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Fort Wellington National Historic Site of Canada

During a rare evening cannon firing demonstration, flames jetted from the end of an original 1812 era 24 pounder cannon, a weapon that can lob cannon balls across the border into Ogdensburg, NY. During a rare evening cannon firing demonstration, flames jetted from the end of an original 1812 era 24 pounder cannon, a weapon that can lob cannon balls across the border into Ogdensburg, NY.
© Parks Canada


Grand opening of new Visitor Centre at Fort Wellington National Historic Site

On May 19 & 20, 2012, Fort Wellington National Historic Site launched commemorations of the War of 1812 with cannon fire, musket volleys and fireworks over the St. Lawrence River as it hosted a Garrison-Re-enactment Weekend. It was a season opening that will certainly be remembered for many years as thousands of visitors and well over 100 re-enactment participants enjoyed glorious Victoria Day weekend weather and celebrated Canada’s cultural heritage.

Fort Wellington National Historic Site, located in Prescott, Ontario, is one of the best preserved nineteenth-century fortifications in Canada. During the War of 1812, Prescott’s location was of utmost importance to the Canadian and British war effort. Located just west of the last set of major rapids on the river, the town was the easternmost point that larger sailing vessels from Lake Ontario could travel. Here, cargo carried upstream from Montreal could be transferred and forwarded to Kingston and points west. The fate of the forces in Upper Canada depended upon this supply line.

To better tell the 1812 story, Fort Wellington opened its new visitor centre to the public for the first time. Visitor centre exhibits explain how local militia, British military and First Nations interactions protected the St. Lawrence River, Prescott, and British supply lines during the War of 1812. Without doubt, the favourite addition to the visitor centre offering is an incredible gallery – with views to the river – that showcases the remains of an 1812 era British gunboat.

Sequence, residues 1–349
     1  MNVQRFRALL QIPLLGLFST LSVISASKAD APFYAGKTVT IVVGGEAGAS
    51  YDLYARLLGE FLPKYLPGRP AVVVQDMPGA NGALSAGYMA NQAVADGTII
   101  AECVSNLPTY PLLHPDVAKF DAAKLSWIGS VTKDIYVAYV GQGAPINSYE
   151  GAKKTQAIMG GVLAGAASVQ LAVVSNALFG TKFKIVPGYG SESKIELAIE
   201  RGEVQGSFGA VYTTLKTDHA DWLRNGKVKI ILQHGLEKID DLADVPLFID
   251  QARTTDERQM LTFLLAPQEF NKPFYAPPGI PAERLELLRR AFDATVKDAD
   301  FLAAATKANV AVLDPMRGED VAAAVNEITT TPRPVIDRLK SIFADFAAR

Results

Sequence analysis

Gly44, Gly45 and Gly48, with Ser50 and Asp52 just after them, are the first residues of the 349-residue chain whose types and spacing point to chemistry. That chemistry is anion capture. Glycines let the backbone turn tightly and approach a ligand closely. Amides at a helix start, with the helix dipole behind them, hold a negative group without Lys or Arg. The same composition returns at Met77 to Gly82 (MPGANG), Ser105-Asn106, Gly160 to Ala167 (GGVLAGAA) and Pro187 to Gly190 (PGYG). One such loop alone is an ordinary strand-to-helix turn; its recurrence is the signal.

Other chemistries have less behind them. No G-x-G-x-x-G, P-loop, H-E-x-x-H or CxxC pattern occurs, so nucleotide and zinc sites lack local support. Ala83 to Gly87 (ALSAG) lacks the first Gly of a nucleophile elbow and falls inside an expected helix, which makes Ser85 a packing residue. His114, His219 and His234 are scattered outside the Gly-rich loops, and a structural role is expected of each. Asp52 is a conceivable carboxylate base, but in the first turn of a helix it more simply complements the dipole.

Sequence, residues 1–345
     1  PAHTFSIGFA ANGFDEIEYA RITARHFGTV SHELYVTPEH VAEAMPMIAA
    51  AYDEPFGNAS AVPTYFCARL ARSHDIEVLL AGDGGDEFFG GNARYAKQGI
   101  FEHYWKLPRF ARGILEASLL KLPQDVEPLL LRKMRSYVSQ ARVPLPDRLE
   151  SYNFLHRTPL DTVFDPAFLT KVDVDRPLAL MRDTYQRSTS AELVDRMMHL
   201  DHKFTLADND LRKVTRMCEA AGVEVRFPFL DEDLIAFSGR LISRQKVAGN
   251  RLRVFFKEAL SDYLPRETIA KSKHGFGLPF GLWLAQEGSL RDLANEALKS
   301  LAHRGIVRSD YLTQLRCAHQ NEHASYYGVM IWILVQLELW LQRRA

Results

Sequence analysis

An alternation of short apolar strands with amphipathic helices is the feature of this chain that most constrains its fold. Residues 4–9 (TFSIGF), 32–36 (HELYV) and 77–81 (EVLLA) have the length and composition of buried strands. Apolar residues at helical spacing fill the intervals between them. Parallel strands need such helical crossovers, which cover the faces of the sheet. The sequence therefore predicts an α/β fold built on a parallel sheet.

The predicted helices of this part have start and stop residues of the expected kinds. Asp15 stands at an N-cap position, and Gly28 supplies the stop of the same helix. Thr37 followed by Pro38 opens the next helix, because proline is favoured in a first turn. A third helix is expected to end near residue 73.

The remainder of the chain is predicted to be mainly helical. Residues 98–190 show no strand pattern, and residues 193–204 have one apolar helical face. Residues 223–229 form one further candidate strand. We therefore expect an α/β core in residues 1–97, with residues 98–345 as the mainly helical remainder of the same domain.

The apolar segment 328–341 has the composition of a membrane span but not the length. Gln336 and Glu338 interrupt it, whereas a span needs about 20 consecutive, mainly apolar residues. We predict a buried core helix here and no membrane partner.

The new gunboat gallery fills a void by linking the importance of the fort and the river together. While Fort Wellington provided one aspect of border defence, another layer of security came from the use of gunboats to defend the river. Gunboats were armed shallow-draft boats that could be manoeuvred in shallow or restricted waters where sailing was difficult for larger ships – ideal for the St. Lawrence River – and Prescott became an important naval staging area where these vessels were stationed throughout much of the war.

The large crowds that flocked through the visitor centre over the long weekend had nothing but compliments for the three years of hard work and dedication that many Parks Canada team members invested to bring this incredible space together on-time and on-budget.

Throughout the summer of 2012, Fort Wellington will have a troop of 1812 living history presenters, cannon and musket fire demonstrations, and fun activities for all ages. Easily accessible along Highway 401, Fort Wellington is just 1 hour south of Ottawa, 2 hours west of Montreal and 4 hours east of Toronto.

Take time out this summer to make good use of your Parks Canada Employee Learning and Discovery Pass by connecting with an important period of Canada’s cultural heritage at a rejuvenated Fort Wellington National Historic Site.